Aidoc’s AI-based system watches for signs of pulmonary embolism

The software can detect the dangerous condition during routine check-ups

Max Smolaks

May 5, 2020

2 Min Read

The software can detect the dangerous condition during routine check-ups

Israeli startup Aidoc has created an AI-based system that can flag incidental pulmonary embolism (iPE) in contrast-enhanced CT, hours or even days before the images are analyzed by a healthcare professional.

Pulmonary embolism is a potentially life-threatening condition that results from a blockage of an artery in the lungs.

The term ‘incidental’ refers to the fact that iPE is discovered incidentally; for example, in oncology patients during their cancer staging and surveillance.

“One of our oncology patient’s lives was saved thanks to Aidoc,” said Dr. Gustavo Meirelles, Medical Manager of Radiology, Strategy and Innovation at Grupo Fleury. “The patient underwent a routine chest CT with IV contrast that would only be read in the next couple of days. Aidoc set a priority and there was an incidental PE. We spoke with the clinician and the patient immediately and triaged her to the hospital to be treated – from days to minutes!”

Rapid response

In order to prevent a fatal outcome, a patient with a PE must be treated quickly – however, in practice, it can sometimes take days before a radiologist looks at the CT images in preparation for a scheduled procedure.

By deploying an AI system to review CT images immediately, Aidoc hopes to improve the chances of detecting pulmonary embolism early. The company specializes in AI models that identify “acute abnormalities” on radiology scans that require urgent intervention – this could be an intracranial hemorrhage, a collapsing lung (pneumothorax) or an unexpected spine fracture. The main aim is to establish which patients need to be treated as a matter of priority.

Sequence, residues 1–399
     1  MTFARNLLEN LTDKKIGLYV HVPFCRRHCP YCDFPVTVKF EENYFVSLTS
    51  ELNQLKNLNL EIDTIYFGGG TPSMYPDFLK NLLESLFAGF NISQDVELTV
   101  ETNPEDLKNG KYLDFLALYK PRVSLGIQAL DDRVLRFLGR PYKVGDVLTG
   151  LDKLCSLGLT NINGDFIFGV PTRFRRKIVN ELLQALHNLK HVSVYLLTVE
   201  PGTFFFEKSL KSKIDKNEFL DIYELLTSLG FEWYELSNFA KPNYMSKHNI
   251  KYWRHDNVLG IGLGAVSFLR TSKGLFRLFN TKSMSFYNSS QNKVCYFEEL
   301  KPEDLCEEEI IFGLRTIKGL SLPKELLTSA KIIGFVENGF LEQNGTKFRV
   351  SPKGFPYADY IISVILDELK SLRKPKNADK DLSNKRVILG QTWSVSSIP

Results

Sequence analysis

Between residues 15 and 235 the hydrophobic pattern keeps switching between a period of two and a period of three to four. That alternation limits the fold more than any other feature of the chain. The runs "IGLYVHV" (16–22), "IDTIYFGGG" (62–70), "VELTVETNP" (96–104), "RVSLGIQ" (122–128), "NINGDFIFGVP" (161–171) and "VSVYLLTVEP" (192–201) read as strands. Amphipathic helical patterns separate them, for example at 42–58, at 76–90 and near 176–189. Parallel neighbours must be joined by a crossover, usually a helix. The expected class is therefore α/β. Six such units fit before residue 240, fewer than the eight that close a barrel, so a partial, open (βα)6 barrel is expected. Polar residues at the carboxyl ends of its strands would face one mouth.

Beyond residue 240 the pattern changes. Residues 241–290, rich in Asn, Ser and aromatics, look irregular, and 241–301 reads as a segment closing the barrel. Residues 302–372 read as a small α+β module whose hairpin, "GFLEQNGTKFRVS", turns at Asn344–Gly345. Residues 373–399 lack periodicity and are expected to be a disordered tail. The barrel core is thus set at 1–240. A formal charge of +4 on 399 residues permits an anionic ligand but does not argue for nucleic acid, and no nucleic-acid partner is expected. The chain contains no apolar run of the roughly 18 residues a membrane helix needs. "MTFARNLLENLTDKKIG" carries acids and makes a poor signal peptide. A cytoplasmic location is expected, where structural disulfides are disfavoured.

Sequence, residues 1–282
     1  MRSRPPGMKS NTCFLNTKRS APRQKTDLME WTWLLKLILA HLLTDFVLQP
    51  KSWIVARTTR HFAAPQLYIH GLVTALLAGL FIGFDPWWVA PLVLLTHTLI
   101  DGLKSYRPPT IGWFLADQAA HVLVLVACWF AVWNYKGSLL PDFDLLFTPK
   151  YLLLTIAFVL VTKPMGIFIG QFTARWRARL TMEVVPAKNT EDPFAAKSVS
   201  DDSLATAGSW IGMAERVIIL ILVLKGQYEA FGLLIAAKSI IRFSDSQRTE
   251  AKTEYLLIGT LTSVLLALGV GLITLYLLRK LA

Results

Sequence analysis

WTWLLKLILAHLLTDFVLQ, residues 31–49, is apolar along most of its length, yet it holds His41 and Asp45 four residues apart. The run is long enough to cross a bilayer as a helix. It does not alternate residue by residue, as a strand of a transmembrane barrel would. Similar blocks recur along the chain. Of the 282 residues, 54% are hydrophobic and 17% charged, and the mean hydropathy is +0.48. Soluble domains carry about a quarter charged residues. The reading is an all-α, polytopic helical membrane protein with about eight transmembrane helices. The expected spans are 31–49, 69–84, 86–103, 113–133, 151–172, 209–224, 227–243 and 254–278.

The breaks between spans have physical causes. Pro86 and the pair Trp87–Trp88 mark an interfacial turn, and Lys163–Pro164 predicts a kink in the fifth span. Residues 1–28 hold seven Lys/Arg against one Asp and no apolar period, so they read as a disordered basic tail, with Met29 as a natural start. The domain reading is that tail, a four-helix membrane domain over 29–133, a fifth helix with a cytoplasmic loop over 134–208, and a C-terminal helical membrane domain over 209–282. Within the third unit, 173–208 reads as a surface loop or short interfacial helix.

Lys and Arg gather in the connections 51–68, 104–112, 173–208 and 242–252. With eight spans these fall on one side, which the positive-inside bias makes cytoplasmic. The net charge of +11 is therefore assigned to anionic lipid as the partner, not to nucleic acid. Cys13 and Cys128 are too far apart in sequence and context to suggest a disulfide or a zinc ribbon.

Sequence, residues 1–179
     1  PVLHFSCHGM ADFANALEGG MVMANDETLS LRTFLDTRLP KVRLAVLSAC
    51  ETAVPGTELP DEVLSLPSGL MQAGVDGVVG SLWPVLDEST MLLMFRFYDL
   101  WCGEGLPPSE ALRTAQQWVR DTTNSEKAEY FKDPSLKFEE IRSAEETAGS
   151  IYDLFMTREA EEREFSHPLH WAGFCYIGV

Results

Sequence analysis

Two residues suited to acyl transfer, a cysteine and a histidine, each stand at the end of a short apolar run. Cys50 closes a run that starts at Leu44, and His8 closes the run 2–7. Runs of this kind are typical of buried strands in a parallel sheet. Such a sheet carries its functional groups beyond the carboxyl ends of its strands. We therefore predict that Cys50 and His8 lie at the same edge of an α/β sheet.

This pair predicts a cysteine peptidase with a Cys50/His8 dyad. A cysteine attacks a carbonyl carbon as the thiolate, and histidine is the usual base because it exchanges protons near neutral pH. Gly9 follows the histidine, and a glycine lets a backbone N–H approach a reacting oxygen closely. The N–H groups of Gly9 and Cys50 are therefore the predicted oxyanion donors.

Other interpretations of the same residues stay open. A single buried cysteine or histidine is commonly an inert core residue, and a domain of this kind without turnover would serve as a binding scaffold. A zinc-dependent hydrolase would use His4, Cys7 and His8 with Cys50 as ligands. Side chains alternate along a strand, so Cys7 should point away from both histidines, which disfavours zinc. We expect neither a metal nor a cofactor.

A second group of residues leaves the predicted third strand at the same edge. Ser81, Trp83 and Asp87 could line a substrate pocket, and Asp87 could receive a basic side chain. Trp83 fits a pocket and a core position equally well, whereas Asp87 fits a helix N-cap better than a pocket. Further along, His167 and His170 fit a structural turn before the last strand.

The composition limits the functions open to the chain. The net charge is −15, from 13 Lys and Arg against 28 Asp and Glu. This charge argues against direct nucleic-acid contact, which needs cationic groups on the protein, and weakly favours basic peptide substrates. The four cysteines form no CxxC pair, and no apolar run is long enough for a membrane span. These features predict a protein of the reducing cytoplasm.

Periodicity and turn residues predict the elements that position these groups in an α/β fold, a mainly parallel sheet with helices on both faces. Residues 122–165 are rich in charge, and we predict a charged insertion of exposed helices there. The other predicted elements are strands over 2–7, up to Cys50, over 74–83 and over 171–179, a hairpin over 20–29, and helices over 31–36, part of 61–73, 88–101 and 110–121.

“It’s not for naught that most AI triage solutions don’t focus on incidental findings,” said Michael Braginsky, CTO at Aidoc.

“Because the prevalence of incidental findings is so low, the specificity of the AI has to be especially high, otherwise the false positive ratio will be too high and user adoption will be negatively impacted. In addition, an incidental PE algorithm detects PE in non-dedicated exams, with lower exam quality, which challenges the AI even further. It was a scientific breakthrough that our team achieved that made the release of this product possible.”

Aidoc has just received a CE mark for its pulmonary embolism detection tool, calling it the first AI product for triaging incidental findings in medical imaging to obtain the badge showing it complies with EU safety, health and environmental requirements. The software has already been cleared by the US Food and Drug Administration.

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